Kids who stutter are more likely to get bullied by classmates. Now, a new research has said that a program designed to prevent bullying of children who stutter, is showing positive results.

There are hundreds of articles and books talking about the negative effects of bullying on the victims, peers, parents and even bullies themselves.

The program is called TAB or Teasing and Bullying Unacceptable Behaviour. According to the researchers, TAB "is one of the building blocks of change," in dealing with bullying at school.

"Attitudes predict behaviours. If we're going to get behaviour to change, a first-level intervention is changing attitudes in the classroom," said Langevin, acting executive director and director of research at the Institute for Stuttering Treatment and Research (ISTAR) in the Faculty of Rehabilitation Medicine.

For the study, the Langevin and team surveyed 600 students who participated in the program.

According to researchers, children who have a friend or a relative who stutters are more likely to be sensitive towards them.

"It's the children who don't know someone who stutters that generally have more negative attitudes toward kids who stutter. We're very pleased to see this group had the highest change scores since they're the group we wanted to target," said Langevin.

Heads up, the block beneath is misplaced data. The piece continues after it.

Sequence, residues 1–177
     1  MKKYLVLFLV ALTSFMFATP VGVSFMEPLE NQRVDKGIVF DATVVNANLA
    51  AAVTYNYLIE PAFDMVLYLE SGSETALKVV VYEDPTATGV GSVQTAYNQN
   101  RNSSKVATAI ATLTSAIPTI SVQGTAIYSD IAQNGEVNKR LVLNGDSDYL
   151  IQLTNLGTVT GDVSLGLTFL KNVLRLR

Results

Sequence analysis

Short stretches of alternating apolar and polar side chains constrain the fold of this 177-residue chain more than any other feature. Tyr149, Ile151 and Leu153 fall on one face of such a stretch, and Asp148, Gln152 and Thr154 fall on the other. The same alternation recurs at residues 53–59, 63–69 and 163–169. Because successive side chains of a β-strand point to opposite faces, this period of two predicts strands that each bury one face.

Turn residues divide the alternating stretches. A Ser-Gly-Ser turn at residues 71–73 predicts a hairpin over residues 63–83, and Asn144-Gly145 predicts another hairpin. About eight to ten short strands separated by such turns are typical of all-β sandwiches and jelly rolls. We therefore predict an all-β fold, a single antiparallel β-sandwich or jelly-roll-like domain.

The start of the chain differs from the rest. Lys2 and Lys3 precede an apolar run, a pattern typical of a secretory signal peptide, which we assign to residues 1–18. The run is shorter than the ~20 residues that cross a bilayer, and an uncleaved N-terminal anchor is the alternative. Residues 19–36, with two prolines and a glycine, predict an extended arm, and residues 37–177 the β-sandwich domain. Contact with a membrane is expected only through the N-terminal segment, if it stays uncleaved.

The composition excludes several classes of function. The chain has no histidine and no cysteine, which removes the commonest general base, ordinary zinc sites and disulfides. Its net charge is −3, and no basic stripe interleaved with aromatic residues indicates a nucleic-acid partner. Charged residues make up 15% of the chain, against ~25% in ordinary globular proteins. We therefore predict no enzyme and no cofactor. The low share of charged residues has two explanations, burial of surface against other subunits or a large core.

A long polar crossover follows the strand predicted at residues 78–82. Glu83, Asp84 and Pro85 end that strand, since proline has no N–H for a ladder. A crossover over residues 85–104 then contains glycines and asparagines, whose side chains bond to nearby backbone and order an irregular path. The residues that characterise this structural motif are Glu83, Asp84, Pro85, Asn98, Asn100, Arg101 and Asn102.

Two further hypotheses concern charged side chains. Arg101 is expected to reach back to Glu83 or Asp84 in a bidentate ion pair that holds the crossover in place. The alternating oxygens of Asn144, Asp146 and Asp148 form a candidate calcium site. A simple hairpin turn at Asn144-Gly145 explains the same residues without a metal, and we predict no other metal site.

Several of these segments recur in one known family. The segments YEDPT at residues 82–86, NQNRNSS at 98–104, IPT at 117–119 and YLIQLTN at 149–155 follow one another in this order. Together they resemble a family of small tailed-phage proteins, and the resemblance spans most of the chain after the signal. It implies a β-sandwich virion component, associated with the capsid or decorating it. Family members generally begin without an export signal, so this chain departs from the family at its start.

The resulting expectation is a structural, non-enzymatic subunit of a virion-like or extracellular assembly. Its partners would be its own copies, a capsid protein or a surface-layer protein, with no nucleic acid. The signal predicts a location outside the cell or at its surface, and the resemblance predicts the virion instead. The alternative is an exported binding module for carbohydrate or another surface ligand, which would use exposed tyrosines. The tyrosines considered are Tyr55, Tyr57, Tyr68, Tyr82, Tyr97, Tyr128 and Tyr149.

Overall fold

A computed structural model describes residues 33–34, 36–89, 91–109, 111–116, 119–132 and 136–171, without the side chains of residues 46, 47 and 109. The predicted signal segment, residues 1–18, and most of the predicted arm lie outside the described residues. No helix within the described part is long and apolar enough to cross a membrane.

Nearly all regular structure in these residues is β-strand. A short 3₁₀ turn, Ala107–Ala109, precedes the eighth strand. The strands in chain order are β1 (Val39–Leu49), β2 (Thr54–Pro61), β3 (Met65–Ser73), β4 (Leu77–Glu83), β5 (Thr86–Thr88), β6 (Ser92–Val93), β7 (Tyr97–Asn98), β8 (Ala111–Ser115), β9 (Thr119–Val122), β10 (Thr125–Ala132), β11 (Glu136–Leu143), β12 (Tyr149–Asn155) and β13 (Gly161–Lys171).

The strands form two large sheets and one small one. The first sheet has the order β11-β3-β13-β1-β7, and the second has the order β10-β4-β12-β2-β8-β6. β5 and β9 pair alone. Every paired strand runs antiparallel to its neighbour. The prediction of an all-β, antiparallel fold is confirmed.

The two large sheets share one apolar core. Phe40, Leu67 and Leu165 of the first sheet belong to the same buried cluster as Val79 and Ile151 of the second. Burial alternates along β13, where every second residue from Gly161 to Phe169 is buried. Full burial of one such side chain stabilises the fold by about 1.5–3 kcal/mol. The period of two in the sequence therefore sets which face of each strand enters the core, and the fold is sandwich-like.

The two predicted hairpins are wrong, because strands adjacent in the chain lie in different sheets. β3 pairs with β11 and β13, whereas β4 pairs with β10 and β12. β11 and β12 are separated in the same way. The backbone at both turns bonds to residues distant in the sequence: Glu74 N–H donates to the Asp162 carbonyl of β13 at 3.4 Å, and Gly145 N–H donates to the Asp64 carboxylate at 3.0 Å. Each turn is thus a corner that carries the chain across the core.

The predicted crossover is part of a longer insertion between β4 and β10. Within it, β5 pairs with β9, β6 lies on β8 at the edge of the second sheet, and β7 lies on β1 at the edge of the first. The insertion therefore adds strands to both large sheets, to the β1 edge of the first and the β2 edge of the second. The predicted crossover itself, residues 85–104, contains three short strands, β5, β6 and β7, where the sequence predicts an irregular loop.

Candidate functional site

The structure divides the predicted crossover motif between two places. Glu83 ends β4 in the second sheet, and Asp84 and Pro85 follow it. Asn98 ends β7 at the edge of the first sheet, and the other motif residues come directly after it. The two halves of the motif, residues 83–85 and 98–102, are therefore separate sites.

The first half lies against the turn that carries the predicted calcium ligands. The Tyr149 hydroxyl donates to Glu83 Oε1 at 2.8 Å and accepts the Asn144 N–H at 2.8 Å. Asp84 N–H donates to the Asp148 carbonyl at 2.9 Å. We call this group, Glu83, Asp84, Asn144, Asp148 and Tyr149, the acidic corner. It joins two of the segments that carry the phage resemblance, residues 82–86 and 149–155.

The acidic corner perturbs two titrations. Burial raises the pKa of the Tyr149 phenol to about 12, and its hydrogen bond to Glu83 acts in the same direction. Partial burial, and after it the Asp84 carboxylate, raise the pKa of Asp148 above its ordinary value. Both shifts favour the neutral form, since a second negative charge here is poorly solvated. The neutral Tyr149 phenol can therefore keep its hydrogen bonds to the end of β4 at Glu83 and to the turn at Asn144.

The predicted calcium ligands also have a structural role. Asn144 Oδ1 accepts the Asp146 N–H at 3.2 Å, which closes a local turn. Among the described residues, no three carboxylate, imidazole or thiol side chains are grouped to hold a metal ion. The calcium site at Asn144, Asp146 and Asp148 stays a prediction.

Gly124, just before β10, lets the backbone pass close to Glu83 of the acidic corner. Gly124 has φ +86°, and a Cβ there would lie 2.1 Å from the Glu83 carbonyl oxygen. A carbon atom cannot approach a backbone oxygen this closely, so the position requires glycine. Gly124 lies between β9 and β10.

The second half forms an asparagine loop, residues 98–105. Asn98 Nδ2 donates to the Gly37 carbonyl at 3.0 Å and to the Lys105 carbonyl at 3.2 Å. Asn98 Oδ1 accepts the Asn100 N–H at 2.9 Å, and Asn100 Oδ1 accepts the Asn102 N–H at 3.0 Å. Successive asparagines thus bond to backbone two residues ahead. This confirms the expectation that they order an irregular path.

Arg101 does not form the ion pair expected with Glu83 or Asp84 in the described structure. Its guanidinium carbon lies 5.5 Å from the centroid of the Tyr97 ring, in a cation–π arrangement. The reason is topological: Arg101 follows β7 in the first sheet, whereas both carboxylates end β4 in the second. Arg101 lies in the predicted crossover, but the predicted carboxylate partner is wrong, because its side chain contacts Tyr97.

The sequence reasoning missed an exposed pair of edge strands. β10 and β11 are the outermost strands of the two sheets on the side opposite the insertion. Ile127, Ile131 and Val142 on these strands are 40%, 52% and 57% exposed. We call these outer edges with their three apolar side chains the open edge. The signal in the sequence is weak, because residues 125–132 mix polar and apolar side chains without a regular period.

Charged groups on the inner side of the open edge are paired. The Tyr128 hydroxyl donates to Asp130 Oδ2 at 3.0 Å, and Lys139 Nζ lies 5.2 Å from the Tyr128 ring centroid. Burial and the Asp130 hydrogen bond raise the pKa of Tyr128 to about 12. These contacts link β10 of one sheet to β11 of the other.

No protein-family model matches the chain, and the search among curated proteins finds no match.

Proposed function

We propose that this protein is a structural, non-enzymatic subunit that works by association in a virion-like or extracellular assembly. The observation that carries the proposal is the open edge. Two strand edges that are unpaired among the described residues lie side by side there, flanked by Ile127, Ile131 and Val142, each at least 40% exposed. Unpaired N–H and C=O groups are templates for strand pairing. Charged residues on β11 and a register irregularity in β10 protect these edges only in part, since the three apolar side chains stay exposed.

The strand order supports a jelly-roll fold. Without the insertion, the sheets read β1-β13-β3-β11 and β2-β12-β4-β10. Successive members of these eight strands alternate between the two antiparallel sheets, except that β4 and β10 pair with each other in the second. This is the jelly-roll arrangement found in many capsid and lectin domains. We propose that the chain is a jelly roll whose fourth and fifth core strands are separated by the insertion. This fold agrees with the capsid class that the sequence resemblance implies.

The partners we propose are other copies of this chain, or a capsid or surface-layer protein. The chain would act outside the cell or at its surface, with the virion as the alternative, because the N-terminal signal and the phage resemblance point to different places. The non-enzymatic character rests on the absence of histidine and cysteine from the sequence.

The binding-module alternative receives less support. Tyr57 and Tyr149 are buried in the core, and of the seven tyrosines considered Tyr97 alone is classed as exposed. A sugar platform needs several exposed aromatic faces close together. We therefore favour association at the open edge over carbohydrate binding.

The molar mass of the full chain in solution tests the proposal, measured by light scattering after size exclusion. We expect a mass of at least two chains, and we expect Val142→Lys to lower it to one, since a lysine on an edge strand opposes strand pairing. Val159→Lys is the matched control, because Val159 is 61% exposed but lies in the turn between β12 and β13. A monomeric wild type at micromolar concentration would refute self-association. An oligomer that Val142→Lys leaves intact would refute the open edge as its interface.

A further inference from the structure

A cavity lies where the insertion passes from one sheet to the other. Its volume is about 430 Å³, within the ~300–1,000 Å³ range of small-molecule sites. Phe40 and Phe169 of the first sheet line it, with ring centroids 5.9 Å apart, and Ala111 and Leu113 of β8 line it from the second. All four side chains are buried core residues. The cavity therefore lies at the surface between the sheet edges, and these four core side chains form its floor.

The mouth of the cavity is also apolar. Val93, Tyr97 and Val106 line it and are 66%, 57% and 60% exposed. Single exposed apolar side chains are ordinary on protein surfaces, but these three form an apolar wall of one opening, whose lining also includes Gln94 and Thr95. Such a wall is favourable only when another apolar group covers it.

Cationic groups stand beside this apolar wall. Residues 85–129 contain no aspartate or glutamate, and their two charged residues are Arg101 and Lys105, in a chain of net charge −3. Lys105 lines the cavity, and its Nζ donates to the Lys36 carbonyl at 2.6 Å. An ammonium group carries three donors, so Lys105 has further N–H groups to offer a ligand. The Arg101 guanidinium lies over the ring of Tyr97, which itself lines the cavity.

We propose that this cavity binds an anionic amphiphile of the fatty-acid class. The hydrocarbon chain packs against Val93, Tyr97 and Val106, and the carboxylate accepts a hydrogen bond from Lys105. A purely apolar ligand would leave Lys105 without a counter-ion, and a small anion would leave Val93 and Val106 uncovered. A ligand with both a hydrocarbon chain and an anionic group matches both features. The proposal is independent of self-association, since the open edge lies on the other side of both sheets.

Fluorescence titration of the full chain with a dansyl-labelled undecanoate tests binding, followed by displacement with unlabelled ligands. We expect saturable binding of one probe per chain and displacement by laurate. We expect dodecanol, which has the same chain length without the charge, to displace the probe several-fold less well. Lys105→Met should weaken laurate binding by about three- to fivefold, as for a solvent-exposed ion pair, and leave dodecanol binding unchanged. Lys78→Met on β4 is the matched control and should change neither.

Another group of children who are at a more awkward stage while in a program like the TAB are the "dually involved" kids because they have been bullied but now are bullying others. Some experts say that children like these take-up bullying so that they do not become the nest target. They do not want to risk their acquired social status by supporting the victim.

"It's sort of like getting your hand caught in the cookie jar—who likes that?" Langevin said.

The study found that some children are not even aware that their teasing could hurt the other person.

"There was a subset of children who bully who were saying, 'I didn't realize I was hurting my friend or my sister,' and there was an indication that they were wanting to change," said Langevin.

According to experts, parents must talk to their children about bullying. Role playing, planning strategies that can help a kid become more confident and avoid being bullied and intervention programs can help children who are bullied. Parents are advised to be careful when intervening as direct confrontation with parents of children involved in bullying could only add to the problem.